Plea for a better life

Mauritius Times – 60 Years

The question of birth control has never been so much discussed as it is today.

All this came about when Hon Dr Teelock, who is also chairman of the Mauritius Family Planning Association, raised the matter in the Legislative Council. He did so at the right time when the Council was called upon to discuss the general policy of the Government and also when the 1959-60 budget was being discussed. Which is to say that he viewed the problem with the general development of the country in the background. And this is how this matter has to be discussed.

But unfortunately, this problem is not simply an economic one: it has got the religious aspect which is often exploited for political ends. This is very unfortunate but nonetheless the problem has to be discussed and a decision taken. The most delicate and most controversial aspect of birth control is certainly the religious aspect. Roman Catholics object to the use of contraceptives but are not averse to Ogino method or as Father Dethise pointed out in Le Mauricien, they prefer abstinence as advised by Mahatma Gandhi. One section of the Muslim community is also against birth control on religious and moral grounds, whilst another section is outspokenly in favour of it. We can therefore safely say that the controversy is more on the method to be used than on the principle of birth control itself. But oddly enough, the question whether to adopt the principle is still causing much ink to flow.

The discussion on birth control has this time involved Father Dethise, who represents Roman Catholic opinion, and Dr Singer – a strong and indefatigable advocate of family planning. Each is attempting to convince the other of the validity of his or her argument and that is where the discussion becomes futile and unnecessary. Because there is no doubt that neither Father Dethise will agree to the use of contraceptives, nor will Dr Singer give in. The discussion now raging will certainly not bring about any conversion: the two points of view are irreconcilable.

What then has to be done? What should be the attitude of each towards the other? We feel that the people should be allowed to adopt the method of its own predilection and one should tolerate the other.

Next comes the question of Government sponsoring the movement. What objection can any sensible section of the population have to this? The government is a government of Mauritians which means it is a government in which are represented all shades of Mauritian opinion. The question therefore is, should all sections of the population be denied the right of doing what they think fit simply because they fail to realise that each should be allowed absolute freedom?

With due to the opinions of others, we feel that birth control will go a long way towards helping the overall progress of the country. Tolerance and understanding are needed. We have to see to it that we do not become responsible for the miseries of future generations.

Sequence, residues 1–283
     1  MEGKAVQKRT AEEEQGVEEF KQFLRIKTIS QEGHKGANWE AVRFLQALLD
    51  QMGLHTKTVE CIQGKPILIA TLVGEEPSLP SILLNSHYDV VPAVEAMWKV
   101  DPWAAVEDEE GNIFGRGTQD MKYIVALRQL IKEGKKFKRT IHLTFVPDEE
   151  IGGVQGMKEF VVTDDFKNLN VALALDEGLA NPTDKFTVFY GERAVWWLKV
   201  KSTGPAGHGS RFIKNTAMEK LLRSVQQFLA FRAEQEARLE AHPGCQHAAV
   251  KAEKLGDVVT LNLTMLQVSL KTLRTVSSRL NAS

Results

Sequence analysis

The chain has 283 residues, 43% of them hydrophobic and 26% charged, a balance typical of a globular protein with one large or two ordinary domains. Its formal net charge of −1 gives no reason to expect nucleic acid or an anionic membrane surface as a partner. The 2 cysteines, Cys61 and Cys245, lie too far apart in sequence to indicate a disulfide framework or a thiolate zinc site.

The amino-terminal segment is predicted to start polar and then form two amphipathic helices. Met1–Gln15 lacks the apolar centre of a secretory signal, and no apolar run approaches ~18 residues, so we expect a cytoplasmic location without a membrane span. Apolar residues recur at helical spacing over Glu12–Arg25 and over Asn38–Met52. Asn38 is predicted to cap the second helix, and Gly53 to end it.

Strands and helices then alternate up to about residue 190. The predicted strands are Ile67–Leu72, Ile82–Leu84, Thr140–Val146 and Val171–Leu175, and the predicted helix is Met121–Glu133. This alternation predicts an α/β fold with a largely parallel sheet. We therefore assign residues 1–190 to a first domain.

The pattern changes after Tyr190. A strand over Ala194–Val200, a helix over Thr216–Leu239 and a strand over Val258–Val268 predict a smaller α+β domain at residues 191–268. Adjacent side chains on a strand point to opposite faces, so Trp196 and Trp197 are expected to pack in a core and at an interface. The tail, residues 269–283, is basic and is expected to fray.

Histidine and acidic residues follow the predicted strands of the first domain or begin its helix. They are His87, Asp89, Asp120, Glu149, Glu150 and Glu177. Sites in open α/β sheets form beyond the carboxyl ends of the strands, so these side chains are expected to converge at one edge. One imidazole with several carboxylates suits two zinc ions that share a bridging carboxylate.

* * *

Family Planning in India

India is one of the few great countries that have on official family planning policy.

The following steps are proposed to be taken by the Government to popularize FP:

  1. To integrate as early as possible the Family Planning Service with the Medical and Health Services of the country;
  2. To provide training centres for FP in medical teaching institutions and schools of social sciences.
  3. To appoint FP education leaders;
  4. To start FP training touring teams and orientation camps; and
  5. To make all-out efforts to be self-sufficient in the matter of supply of contraceptives by producing all kinds of contraceptives in the country.

The number of centres set up in the country by the Government of India was 675, by local bodies 47, and by private institutions 104. The amounts sanctioned to various agencies during the First Plan was Rs l,142,013 and during the Second Plan up to January 1959. Rs 4,140,720.

Sir Julian Huxley, the eminent expert in Eugenics told the sixth International Conference on Planned Parenthood that the success of India in solving her population problem would give hope to the world at large.

* * *


Last week, this journal pleaded for a sane and more enlightened trade union movement. It even suggested that for the ultimate, all-round benefit of the workers, the trade union movement and the Labour Party should work hand in hand. It was also hinted that both the IFB and the Parti Mauricien were infiltrating as well as courting the trade-union movement. There is now news which sheds more light on this matter.

A letter, signed with the pseudonym ‘Unionist, appears in almost all the dallies; Unionist wants Moignac to resign from the chairmanship of the MTUC because he had dared visit Communist China. All that is childish. Unionists must surely not be aware that recently Messrs Bevan, Gaitskell and even Macmillan visited Moscow.

At Tuesday’s meeting of the Legislative Council. Mr S. Bissoondoyal said he “specially welcomed” Moignac back to Mauritius. Didn’t I say, some time ago, that the IFB was wooing Mr Moignac and Lacaze? With the M.A.L.A. entrenched in the M.T.U.C. coupled with the demarches of Mr S. Bissoondoyal’s sudden paternalistic solicitude for Moignac, it looks as though the Parti Mauricien will be successful in driving a wedge between the M.T.U.C.and the Labour Party.

6th Year – No 250
Friday 29th May, 1959

Mauritius Times ePaper Friday 29 September 2023

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